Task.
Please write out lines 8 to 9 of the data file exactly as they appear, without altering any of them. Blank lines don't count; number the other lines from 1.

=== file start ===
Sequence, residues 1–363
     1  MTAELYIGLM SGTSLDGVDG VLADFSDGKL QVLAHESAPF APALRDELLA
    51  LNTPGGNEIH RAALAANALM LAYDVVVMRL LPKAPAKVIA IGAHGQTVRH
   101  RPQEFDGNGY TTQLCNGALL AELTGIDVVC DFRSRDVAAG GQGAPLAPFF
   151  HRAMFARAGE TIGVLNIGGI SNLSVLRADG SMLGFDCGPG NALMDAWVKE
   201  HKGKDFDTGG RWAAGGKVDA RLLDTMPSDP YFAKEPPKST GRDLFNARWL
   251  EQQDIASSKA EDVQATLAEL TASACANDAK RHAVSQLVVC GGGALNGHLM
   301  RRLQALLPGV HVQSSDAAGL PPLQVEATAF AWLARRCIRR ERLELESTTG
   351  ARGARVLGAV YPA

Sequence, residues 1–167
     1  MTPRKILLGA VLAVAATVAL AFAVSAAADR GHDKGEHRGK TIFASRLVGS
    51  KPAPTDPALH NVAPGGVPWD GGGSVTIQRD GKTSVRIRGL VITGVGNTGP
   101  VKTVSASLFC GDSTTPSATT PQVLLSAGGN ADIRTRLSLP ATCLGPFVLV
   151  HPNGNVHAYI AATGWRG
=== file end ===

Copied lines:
   301  RRLQALLPGV HVQSSDAAGL PPLQVEATAF AWLARRCIRR ERLELESTTG
   351  ARGARVLGAV YPA